updated 11:25 am EST, Thu February 16, 2012
OS X updates to become annual releases
Apple is changing the way it rolls out OS X and even press events, a Daring Fireball report reveals. Beginning with the newly-announced Mountain Lion, OS X is moving to an annual update schedule. Apple has traditionally waited at least two years between major updates, but may want to keep pace with Windows, as well as iOS, the latter of which has always been updated once a year.
The company is also changing the way it handles press events, according to worldwide marketing VP Phil Schiller. While Schiller has refused to go into any more detail, Daring Fireball's John Gruber notes that last week, he and others in the media were given separate, solo product briefings on Mountain Lion. In Gruber's case at least these were hosted by Schiller, PR person Bill Evans, and another product marketer, Brian Croll. People invited to the briefings were given developer previews of Mountain Lion, something only today available to the developer community as a whole. Apple has previously used larger-scale events like WWDC to unveil new versions of OS X.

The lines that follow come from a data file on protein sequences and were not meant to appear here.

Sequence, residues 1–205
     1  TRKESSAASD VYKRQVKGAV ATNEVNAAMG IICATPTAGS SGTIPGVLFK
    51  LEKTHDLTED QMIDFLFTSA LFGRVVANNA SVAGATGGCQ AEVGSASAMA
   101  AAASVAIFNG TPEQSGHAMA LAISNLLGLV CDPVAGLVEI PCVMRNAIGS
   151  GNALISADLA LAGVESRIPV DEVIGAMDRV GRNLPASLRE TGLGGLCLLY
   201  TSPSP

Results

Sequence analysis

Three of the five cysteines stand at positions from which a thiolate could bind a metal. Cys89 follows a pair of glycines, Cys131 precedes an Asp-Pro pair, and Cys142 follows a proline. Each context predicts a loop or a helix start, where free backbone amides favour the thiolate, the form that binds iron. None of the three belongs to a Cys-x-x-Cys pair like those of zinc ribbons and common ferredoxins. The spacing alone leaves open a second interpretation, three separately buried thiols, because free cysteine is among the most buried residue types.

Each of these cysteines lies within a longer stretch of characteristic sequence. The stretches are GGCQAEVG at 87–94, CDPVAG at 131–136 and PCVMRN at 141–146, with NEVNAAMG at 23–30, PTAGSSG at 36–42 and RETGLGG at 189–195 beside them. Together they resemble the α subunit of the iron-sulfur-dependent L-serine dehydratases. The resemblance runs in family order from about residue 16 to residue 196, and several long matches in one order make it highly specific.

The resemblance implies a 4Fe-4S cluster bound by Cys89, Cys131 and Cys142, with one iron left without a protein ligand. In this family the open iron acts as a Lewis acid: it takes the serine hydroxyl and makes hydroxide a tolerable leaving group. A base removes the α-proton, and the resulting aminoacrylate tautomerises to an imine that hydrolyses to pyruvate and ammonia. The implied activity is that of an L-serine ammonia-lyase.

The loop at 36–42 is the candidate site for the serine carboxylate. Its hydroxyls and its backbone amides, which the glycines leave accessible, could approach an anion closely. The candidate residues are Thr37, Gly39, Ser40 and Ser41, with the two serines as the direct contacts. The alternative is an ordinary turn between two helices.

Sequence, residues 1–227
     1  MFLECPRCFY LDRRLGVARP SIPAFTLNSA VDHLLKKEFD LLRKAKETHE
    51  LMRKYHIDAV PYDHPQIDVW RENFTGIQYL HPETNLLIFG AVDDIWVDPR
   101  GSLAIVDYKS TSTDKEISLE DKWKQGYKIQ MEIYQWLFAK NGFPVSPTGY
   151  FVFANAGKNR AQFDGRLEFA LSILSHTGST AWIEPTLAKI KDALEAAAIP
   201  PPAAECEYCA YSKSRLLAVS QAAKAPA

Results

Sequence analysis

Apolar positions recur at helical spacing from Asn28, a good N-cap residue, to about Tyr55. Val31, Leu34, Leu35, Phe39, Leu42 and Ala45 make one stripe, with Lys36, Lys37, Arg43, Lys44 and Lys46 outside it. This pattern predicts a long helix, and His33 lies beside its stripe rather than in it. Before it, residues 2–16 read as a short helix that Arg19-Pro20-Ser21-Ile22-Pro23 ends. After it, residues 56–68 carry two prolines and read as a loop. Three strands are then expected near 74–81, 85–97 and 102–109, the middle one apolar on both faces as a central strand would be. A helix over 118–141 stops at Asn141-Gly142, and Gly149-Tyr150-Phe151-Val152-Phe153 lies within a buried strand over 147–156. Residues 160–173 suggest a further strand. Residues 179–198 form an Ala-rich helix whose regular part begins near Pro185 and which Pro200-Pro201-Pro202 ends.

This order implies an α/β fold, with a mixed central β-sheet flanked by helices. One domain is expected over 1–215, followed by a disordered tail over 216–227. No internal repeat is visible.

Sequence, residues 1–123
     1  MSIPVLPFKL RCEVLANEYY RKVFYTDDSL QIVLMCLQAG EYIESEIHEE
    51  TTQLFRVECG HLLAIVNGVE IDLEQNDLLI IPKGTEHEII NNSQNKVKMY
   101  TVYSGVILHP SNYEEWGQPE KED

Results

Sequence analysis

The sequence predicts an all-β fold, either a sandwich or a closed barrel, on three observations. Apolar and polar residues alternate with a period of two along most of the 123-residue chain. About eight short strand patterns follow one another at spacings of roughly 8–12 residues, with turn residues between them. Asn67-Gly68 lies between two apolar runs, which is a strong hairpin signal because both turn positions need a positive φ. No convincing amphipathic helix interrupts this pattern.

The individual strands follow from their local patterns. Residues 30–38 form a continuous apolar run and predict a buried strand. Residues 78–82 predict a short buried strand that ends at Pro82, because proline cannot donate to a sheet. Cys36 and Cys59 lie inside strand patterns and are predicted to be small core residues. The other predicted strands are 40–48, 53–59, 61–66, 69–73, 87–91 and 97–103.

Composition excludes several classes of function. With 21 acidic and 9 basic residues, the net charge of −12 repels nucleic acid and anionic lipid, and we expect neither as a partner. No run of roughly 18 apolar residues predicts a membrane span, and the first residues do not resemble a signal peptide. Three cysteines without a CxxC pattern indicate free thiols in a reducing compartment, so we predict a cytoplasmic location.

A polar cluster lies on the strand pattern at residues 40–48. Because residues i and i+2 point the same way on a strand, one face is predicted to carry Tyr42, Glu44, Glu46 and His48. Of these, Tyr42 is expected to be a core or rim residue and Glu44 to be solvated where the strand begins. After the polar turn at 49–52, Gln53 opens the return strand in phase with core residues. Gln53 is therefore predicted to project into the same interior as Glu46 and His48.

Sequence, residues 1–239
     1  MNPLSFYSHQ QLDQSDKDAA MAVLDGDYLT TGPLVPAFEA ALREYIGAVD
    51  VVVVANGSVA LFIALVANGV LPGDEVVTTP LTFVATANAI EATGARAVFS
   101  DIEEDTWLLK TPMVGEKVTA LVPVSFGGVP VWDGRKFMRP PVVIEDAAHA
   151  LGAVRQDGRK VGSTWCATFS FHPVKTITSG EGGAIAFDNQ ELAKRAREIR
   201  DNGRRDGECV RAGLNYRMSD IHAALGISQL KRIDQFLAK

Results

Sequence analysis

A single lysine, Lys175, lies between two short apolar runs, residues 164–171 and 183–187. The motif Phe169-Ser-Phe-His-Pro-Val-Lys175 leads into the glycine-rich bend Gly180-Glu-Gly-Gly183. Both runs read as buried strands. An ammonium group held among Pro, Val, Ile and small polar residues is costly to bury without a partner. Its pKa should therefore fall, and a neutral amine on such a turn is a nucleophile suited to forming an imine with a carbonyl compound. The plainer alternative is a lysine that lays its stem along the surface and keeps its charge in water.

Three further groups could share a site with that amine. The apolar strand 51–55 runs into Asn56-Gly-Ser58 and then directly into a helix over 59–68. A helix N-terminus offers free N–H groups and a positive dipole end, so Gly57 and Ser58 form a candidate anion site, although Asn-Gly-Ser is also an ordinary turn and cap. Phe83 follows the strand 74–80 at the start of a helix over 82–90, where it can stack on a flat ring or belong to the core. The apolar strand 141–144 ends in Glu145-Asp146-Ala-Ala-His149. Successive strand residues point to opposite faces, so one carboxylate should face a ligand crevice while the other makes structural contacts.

Gruber has also exposed some more minor details of the new OS. Mac App Store apps, for instance, are now said to have two different ways of opening and saving documents, those being the traditional OS X file system or the new iCloud option. The iCloud interface is said to resemble the iPad springboard, with a mock linen background and an iOS-style folder system. Multiple apps have been renamed beyond iChat (now Messages), including iCal (renamed Calendar), and Address Book (retitled Contacts).
A change that may have industry-wide ramifications is Gatekeeper. Though the feature is designed to counter malware, Mountain Lion's default settings allow only apps from the Mac App Store, or those signed through a free developer ID. Users must choose to allow unsigned apps, which may potentially discourage some experimentation on the platform. Alternately, people will be able to exclude everything but Mac App Store titles.